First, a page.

Cooking without electricity shouldn’t be reserved for power-outages!
Most Americans grill at some point in the year, but have you ever considered grilling year-round?
Sustainability is the goal here at the Morristribe, so let’s take a look at how sustainable these fuel sources are.
Propane is the number one choice of fuel among most who enjoy grilling, perhaps because propane grilling offers a number of benefits.
* Very simple to control temperatures and regulate over a long period of time.
* Simple to start.
* Propane is clean and easy to clean up after.
* Can still use wood for enhanced flavor.
However enjoyable propane might be, the fact remains that it isn’t sustainable for most of us. Living sustainably implies that we are able to provide for our own needs. I cannot grow or create propane, making me dependent upon a provider. I could possibly barter for it, but being a petroleum-based product, which would likely be in short supply in an emergency or crisis situation.
If sustainability is what you are pursuing, there’s nothing wrong with “practicing” on propane to increase your outdoor cooking skills. Just remember, in a crisis, the supply of propane will be very limited.
One cannot establish the sustainability of charcoal without first understanding how it’s made. I watched a number of videos on the process of making wood into charcoal, most of which looked quite hazardous.
Yet, all of my research begged the question, “Why bother to make charcoal out of wood when you could just burn the wood???”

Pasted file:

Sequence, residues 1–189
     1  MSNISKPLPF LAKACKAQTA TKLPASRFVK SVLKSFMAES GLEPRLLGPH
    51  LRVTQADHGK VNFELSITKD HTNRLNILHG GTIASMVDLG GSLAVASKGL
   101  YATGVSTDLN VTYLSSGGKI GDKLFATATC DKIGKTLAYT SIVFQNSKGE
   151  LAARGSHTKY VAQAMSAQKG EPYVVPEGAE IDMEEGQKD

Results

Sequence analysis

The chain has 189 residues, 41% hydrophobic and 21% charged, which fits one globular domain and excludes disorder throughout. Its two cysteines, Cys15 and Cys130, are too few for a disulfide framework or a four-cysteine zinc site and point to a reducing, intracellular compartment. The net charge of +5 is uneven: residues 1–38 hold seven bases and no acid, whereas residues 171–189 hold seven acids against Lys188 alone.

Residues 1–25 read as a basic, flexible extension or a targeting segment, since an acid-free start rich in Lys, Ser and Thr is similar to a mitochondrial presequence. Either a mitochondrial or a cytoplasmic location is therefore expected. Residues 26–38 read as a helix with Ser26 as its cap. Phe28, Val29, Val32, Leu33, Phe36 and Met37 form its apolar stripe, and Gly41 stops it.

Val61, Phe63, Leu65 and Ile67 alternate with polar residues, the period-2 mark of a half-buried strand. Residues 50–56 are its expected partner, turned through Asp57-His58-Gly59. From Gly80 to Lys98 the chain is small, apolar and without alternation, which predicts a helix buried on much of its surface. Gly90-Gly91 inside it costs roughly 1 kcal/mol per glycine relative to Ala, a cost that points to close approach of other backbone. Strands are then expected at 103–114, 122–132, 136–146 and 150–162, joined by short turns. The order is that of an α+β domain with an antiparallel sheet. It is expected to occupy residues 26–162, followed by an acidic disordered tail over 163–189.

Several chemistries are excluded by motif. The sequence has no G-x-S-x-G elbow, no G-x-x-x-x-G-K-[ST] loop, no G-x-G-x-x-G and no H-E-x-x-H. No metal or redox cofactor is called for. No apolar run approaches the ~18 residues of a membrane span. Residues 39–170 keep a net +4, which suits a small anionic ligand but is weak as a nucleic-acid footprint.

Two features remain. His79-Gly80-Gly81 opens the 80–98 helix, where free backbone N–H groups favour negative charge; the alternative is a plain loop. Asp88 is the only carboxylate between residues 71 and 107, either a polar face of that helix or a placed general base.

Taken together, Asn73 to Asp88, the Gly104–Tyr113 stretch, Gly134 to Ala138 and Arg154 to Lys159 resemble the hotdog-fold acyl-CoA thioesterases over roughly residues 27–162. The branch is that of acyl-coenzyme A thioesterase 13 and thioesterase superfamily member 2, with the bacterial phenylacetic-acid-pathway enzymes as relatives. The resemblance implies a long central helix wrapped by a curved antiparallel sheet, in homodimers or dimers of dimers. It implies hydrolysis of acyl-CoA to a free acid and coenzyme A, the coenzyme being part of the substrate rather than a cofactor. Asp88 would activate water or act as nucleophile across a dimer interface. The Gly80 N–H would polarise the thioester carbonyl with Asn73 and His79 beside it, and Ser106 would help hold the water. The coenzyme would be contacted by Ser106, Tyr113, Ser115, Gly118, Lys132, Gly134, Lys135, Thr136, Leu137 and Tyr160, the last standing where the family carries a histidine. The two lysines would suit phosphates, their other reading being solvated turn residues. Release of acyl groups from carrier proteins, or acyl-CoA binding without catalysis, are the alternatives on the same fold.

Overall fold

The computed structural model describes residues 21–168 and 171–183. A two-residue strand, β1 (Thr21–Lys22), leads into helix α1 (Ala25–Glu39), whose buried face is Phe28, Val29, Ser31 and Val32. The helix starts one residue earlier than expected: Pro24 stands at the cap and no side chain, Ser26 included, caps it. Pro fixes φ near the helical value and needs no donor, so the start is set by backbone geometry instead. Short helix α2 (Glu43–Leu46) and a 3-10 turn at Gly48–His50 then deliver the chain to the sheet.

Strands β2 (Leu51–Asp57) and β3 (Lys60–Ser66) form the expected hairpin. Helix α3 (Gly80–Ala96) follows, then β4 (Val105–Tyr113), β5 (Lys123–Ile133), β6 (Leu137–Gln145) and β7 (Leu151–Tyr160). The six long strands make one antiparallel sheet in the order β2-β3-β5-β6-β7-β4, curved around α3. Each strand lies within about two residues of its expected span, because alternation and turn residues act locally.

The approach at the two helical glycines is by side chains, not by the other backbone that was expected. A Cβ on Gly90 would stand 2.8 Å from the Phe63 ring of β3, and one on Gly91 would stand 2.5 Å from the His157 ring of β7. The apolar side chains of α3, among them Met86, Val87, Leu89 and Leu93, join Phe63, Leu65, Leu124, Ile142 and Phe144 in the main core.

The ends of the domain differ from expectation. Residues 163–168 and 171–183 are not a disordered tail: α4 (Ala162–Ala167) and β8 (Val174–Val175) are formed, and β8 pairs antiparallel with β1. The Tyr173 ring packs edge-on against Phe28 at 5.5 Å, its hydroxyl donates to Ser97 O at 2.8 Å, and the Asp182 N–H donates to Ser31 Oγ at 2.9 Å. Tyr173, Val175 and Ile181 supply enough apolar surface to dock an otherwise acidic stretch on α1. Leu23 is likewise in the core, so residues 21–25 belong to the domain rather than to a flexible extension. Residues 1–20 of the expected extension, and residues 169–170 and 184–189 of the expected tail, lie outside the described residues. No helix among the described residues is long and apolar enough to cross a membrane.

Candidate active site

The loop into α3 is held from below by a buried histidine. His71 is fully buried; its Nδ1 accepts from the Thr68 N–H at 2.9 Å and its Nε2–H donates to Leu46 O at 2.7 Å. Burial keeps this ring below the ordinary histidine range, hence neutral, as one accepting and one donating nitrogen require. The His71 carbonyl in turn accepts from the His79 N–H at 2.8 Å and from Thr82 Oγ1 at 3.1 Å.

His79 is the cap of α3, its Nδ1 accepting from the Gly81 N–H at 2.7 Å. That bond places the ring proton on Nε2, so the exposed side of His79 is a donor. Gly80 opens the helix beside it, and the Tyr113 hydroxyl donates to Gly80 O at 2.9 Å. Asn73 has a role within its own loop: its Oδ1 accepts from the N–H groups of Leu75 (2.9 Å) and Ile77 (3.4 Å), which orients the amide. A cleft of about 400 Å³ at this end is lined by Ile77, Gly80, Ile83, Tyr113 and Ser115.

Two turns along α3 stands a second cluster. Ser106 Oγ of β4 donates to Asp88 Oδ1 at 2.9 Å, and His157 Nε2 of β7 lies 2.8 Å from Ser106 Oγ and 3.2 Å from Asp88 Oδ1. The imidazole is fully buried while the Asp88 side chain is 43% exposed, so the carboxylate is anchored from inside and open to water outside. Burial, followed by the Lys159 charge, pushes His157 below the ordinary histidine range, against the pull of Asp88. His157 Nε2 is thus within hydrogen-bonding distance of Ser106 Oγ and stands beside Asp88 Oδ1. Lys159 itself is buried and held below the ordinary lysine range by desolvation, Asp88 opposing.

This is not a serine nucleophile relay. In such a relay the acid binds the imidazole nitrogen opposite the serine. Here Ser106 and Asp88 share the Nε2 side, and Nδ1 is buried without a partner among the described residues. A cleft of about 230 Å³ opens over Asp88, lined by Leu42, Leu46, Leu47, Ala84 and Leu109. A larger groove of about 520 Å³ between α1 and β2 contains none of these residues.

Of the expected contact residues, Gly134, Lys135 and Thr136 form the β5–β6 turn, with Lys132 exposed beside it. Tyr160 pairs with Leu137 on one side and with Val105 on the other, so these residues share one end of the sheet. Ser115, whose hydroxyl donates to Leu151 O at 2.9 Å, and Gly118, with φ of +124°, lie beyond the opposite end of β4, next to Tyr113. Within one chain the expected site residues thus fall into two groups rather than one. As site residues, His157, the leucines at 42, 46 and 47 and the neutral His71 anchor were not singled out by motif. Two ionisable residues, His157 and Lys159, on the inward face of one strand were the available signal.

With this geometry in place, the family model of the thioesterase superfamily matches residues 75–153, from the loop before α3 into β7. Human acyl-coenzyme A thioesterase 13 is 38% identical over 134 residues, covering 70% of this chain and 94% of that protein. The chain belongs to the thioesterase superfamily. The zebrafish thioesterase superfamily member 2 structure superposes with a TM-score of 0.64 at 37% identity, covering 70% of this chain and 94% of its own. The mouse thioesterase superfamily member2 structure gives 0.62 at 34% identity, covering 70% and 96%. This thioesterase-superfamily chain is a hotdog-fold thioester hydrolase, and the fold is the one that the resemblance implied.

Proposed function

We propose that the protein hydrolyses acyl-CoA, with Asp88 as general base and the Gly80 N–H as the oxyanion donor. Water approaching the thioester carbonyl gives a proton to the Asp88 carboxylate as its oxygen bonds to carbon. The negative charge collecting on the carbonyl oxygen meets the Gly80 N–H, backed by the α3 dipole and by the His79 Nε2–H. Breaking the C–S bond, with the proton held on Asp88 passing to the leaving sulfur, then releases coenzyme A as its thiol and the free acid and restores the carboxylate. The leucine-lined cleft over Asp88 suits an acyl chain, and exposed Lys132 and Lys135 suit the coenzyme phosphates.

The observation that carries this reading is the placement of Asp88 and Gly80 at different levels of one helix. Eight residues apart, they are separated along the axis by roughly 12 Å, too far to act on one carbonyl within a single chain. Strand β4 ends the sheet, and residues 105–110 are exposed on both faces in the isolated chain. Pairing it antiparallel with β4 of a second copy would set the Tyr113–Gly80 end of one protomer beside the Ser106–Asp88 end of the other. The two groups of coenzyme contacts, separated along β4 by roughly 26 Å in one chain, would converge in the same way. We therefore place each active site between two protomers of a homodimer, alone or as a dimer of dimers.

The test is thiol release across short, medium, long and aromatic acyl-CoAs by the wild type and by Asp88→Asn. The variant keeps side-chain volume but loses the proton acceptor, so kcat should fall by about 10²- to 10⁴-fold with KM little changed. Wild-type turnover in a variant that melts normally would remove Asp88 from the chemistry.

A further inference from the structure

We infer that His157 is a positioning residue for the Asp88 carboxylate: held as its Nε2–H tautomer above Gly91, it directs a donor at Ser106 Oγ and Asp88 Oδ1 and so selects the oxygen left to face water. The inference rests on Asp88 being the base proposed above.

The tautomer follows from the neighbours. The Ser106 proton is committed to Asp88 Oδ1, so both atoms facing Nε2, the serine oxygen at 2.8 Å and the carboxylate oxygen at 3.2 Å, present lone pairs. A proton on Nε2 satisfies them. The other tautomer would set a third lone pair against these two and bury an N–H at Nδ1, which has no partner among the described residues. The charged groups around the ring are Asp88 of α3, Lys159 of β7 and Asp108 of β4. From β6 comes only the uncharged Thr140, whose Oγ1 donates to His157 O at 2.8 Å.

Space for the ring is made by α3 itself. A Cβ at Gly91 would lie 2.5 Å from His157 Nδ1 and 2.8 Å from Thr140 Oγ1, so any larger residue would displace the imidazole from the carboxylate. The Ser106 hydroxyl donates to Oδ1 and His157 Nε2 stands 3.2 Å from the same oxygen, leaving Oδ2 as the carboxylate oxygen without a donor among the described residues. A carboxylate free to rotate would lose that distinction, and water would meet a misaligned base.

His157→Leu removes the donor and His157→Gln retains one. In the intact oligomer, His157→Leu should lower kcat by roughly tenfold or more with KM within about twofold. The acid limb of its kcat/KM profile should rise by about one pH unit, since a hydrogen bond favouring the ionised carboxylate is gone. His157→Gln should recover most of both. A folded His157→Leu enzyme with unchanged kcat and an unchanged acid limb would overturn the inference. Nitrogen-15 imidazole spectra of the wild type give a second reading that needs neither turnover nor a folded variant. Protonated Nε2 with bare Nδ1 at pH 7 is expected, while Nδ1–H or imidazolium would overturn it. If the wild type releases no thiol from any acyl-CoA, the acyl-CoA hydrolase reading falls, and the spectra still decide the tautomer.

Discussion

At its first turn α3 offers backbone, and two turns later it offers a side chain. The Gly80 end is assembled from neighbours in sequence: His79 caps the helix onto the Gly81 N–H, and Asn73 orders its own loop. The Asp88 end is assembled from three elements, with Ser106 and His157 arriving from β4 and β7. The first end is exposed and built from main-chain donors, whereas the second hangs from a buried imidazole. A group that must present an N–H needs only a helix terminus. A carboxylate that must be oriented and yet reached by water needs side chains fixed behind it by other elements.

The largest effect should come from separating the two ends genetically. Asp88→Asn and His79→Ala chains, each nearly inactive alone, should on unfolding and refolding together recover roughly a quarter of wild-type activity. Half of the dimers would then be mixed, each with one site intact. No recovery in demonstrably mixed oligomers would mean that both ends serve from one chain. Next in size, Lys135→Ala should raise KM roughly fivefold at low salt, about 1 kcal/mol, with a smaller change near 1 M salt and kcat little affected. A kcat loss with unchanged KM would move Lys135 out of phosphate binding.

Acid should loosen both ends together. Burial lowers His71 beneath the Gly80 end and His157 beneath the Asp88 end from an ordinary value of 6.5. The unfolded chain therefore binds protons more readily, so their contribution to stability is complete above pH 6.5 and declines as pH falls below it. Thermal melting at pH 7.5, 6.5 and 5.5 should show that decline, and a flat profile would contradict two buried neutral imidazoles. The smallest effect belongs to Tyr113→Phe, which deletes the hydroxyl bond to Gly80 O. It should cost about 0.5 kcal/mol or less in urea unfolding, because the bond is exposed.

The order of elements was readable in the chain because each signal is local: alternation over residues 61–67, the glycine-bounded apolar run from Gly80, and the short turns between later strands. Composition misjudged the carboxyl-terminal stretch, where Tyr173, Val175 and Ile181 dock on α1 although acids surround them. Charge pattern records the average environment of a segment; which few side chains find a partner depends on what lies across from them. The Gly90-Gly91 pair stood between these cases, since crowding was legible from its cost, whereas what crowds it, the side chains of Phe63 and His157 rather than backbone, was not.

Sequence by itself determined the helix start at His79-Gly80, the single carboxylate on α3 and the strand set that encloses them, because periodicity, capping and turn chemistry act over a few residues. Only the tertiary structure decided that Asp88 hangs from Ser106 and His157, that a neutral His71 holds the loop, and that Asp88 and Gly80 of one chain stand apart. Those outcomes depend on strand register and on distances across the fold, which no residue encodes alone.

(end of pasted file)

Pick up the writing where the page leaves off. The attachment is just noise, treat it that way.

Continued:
Granted, benefits of charcoal have more to do with the aromas and flavors than anything else. It certainly isn’t sustainable, as far as I can see.
Once again, enjoy charcoal if that’s what you want to do, but remember that in a crisis, you may or may not be able to obtain it.
Grilling over a wood fire is more challenging than grilling over charcoal. Wood burns hotter than most charcoal and as a consequence, burns faster. Wood also stays in the ‘hot coals’ stage for a shorter period of time than charcoal.
Most professional grillers and chefs in grill restaurants use wood rather than charcoal as their fuel of choice. There is a reason for this as it is a lot easier to manage a charcoal fire and charcoal is also cheaper than wood. The distinct tang that comes with grilling with a flavorful hardwood, such as Mesquite, cannot be obtained with charcoal. (Source)
Then there is the question of sustainability….wood is extremely sustainable! It grows everywhere! Whether you live in the city, suburbs or country, there is always scrap wood of some type available for little or nothing.
Hickory, pecan, oak and mesquite are the most desirable woods to cook with and offer the most flavor to your food.
Excited about the prospect of cooking more with wood?
Tomorrow: Camp fires, fire pits, Dutch ovens and rocket stoves!